The new inclusive language of Essex Junction, Vermont

April 27, 2023 • 11:30 am

I cannot vouch that this letter is genuine, but I’m betting it is. If you can prove it’s a fake, I’ll give you $10.  It was purportedly sent to an email list by one of the parents in the school district.

Click to enlarge if you’re myopic:

The only good thing about this is that it implicitly recognizes the sex binary. But what does it have to do with “equity policy”?

44 thoughts on “The new inclusive language of Essex Junction, Vermont

      1. The Egg Man is a bit more unpleasant in the case of John Waters’ movies!

        But we have to give them this: they have defined the sexes correctly by gamete type. (But we do have these convenient shorthand terms for their longer ones…)

  1. Maybe I’m being Pollyannaish about this, but I’m glad that at least they’re rejecting “assigned male/female at birth,” which is the most dishonest of the ideology’s jargon. Sex isn’t arbitrarily assigned at birth; it’s objectively observed from visual evidence that’s nearly always accurate.

    1. Sex is not ‘assigned at birth’. It is observed and not always correctly. Sex observed at birth is roughly 99.9% correct, but not 100.0%. For example, Caster Semenya was thought to be female at birth. He is actually a 46-XY male with a DSD. In a village in the Dominican Republic, there are ‘güevedoces’. These are males, who appear to be female at birth, but only grow male genitalia at puberty.

  2. I think it’s more a case of: if we don’t use those terms, we’ll be unable to acknowledge and discuss the binary nature of sex. This is akin to Orwell’s Newspeak – if a concept has no words to represent it in that language, there’s no way to communicate anything about it.

  3. “Person who produces sperm in place of boy, male…
    Person who produces eggs in place of girl, female…”

    Linguistic problem #1: Since sperm-producing persons are male /by definition/, “female person who produces sperm” is a contradiction in terms; and since egg-producing persons are female /by definition/, “male person who produces eggs” is a contradiction in terms.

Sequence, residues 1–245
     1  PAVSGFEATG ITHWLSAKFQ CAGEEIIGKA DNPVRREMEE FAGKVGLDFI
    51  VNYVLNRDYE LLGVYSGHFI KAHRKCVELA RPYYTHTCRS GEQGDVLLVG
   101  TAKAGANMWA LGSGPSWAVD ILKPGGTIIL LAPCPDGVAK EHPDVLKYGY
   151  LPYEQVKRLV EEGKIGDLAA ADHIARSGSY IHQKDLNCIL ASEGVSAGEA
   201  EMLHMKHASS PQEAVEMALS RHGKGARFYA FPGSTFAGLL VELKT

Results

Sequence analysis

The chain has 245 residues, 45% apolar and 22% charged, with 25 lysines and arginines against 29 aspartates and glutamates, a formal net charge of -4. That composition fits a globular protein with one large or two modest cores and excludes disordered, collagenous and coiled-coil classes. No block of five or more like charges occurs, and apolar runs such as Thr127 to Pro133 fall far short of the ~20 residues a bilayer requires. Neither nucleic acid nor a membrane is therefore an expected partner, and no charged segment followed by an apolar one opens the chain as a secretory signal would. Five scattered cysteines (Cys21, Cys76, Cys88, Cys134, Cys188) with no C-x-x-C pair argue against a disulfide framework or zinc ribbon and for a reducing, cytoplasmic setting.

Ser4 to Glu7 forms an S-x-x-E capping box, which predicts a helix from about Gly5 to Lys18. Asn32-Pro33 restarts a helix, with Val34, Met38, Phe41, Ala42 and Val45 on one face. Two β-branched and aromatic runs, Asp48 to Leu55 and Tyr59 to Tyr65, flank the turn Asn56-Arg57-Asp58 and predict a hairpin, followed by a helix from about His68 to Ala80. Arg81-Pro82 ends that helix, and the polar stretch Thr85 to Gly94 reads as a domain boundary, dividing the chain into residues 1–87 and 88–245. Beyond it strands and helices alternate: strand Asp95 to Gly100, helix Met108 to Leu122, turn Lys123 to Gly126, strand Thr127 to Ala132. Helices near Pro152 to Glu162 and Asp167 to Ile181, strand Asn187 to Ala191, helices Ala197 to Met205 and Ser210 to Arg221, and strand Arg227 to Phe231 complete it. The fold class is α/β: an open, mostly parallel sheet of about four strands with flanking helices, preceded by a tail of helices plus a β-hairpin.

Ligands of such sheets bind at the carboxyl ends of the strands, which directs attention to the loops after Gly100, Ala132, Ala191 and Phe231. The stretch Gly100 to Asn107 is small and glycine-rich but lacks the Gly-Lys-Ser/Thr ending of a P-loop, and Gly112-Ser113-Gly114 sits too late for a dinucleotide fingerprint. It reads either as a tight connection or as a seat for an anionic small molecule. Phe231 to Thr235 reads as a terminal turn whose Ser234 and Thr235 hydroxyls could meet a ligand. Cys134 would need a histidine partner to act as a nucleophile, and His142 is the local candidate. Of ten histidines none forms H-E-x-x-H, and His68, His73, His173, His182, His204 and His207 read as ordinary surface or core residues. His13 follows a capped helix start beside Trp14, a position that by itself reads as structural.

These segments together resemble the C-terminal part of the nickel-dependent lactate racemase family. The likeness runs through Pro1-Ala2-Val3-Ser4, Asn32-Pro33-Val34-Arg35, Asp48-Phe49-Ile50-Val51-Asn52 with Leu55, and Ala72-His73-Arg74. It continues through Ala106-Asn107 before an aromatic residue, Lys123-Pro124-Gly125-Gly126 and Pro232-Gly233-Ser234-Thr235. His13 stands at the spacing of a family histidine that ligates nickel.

Linguistic Problem #2: Pre-pubescent boys do not produce any sperm, so “boy” isn’t synonymous with “person who produces sperm”; and pre-pubescent girls do not produce any (mature) eggs, so “girl” isn’t synonymous with “person who produces (mature) eggs”. (Girls pre-natally produce all the eggs they will ever have, but these are still immature and not usable for sexual reproduction until puberty.)

    1. Re 1). That is precisely the trans ideologue’s point. People who produce sperm are not “by definition” male, because they reject that definition. Maleness is the gender you adopt and is not relevant for teaching the biology of human reproduction. “Checkmate”, they gloat.

      Re 2). Splitting hairs. Grade 5 students soon will be, some will have already. Presumably they would be teaching about the changes that will occur or are occurring during puberty. It will be interesting to know if the teaching will include the impact on muscle mass and other body characteristics enjoyed by the persons who (will) produce sperm compared to the persons who will produce eggs. Some egg-producer is sure to ask, “So why then are persons who produce sperm and get erections allowed to watch me change for gym class and compete against me in track and field?”